Biochemical and Physiological Characterization of a BLUF Protein−EAL Protein Complex Involved in Blue Light-Dependent Degradation of Cyclic Diguanylate in the Purple Bacterium Rhodopseudomonas palustris
journal contributionposted on 21.12.2010, 00:00 authored by Takuya Kanazawa, Shukun Ren, Mikika Maekawa, Koji Hasegawa, Fumio Arisaka, Mamoru Hyodo, Yoshihiro Hayakawa, Hiroyuki Ohta, Shinji Masuda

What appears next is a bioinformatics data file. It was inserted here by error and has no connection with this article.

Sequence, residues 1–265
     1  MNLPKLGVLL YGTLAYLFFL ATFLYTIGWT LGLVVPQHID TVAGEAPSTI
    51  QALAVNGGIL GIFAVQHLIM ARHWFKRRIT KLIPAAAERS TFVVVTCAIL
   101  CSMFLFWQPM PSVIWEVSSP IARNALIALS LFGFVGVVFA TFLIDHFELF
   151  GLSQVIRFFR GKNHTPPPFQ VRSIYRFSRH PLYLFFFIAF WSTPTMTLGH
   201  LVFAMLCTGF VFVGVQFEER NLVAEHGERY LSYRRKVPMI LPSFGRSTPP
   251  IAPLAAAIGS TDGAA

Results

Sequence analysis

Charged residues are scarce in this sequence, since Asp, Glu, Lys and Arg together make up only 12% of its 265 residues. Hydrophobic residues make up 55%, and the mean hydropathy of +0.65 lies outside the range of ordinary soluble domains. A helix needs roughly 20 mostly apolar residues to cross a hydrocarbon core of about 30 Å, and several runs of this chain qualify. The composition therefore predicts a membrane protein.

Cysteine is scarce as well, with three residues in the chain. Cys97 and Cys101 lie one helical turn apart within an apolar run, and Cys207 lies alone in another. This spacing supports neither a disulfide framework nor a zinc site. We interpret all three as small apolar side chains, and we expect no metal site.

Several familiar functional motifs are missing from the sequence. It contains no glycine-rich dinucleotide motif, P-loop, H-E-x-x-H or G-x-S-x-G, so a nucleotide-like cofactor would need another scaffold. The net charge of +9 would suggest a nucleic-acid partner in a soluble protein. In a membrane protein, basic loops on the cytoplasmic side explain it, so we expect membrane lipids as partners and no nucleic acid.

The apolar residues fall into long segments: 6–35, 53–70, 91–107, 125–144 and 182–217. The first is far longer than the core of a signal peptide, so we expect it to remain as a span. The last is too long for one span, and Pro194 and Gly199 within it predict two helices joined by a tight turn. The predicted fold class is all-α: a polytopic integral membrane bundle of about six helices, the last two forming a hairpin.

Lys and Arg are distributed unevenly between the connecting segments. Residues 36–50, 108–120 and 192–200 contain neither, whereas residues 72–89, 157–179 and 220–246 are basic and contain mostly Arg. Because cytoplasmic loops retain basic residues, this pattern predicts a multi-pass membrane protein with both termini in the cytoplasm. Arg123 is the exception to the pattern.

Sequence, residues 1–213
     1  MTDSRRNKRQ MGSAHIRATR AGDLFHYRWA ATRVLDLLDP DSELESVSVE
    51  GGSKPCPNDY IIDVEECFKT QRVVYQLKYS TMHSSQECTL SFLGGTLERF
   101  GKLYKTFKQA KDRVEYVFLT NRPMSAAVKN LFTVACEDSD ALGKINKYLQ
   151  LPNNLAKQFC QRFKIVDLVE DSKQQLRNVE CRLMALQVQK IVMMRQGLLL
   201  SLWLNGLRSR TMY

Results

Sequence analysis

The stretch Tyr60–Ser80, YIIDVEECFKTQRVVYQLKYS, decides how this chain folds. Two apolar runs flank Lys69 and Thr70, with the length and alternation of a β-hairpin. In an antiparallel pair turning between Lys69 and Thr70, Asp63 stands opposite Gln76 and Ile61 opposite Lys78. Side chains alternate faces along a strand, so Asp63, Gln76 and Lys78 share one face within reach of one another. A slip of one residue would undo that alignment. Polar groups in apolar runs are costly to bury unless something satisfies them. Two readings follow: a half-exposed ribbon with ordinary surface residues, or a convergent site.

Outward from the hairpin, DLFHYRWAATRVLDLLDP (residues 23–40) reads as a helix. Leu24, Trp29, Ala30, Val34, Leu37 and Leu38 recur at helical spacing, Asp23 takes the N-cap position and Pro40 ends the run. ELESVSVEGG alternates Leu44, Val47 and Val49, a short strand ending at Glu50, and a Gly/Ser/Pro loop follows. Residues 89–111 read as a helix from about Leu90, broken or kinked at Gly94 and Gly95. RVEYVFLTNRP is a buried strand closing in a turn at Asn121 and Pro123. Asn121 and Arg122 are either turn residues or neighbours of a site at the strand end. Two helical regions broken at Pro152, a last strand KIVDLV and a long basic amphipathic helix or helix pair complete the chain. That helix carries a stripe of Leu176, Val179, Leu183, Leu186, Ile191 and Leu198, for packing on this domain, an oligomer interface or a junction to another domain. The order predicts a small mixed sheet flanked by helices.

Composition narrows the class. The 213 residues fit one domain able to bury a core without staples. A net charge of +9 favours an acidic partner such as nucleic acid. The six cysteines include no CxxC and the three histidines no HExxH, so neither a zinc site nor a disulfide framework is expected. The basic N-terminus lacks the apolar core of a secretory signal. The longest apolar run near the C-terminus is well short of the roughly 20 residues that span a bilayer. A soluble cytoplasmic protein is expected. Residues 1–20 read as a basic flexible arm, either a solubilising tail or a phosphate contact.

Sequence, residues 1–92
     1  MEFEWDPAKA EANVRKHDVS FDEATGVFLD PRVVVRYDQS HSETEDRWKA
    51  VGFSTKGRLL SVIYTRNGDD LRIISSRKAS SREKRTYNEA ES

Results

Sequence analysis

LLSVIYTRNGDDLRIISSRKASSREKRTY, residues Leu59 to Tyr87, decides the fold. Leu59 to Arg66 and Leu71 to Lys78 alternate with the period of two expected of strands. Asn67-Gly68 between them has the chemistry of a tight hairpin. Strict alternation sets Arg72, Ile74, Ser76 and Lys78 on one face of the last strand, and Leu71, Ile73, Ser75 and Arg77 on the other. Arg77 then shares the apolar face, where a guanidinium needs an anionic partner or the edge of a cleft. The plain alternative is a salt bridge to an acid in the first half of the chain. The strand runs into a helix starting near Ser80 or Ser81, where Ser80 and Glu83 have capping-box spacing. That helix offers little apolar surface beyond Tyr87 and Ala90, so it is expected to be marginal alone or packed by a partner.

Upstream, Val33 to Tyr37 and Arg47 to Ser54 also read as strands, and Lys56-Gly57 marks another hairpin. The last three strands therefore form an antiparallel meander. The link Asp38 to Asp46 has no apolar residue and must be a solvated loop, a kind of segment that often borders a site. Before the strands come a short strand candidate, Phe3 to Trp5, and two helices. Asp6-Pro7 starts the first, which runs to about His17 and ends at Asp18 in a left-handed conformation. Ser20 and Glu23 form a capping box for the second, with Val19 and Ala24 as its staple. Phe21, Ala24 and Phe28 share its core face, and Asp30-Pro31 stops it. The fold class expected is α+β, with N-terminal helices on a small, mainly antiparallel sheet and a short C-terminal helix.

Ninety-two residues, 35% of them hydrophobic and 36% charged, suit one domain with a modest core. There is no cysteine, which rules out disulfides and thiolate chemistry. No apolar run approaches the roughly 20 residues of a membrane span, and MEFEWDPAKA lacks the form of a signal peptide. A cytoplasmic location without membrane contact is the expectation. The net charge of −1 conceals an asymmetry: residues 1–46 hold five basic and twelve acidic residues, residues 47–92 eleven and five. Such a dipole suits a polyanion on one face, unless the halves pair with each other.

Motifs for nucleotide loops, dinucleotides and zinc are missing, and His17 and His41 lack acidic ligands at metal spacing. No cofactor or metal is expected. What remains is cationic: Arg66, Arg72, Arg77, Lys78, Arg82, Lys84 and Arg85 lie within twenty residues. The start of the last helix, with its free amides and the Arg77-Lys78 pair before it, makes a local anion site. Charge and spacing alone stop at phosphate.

Organisms adapt their physiologies in response to the quality and quantity of environmental light. Members of a recently identified photoreceptor protein family, BLUF domain proteins, use a flavin chromophore to sense blue light. Herein, we report that PapB, which contains a BLUF domain, controls the biofilm formation of the purple photosynthetic bacterium Rhodopseudomonas palustris. Purified PapB undergoes a typical BLUF-type photocycle, and light-excited PapB enhances the phosphodiesterase activity of the EAL domain protein, PapA, which degrades the second messenger, cyclic dimeric GMP (c-di-GMP). PapB directly interacts with PapA in vitro in a light-independent manner and induces a conformational change in the preformed PapA−PapB complex. A PapA−PapB docking simulation, as well as a site-directed mutagenesis study, identified amino acids partially responsible for the interaction between the PapA EAL domain and the two C-terminal α-helices of the PapB BLUF domain. Thus, the conformational change, which involves the C-terminal α-helices, transfers the flavin-sensed blue light signal to PapA. Deletion of papB in R. palustris enhances biofilm formation under high-intensity blue light conditions, indicating that PapB functions as a blue light sensor, which negatively regulates biofilm formation. These results demonstrate that R. palustris can control biofilm formation via a blue light-dependent modulation of its c-di-GMP level by the BLUF domain protein, PapB.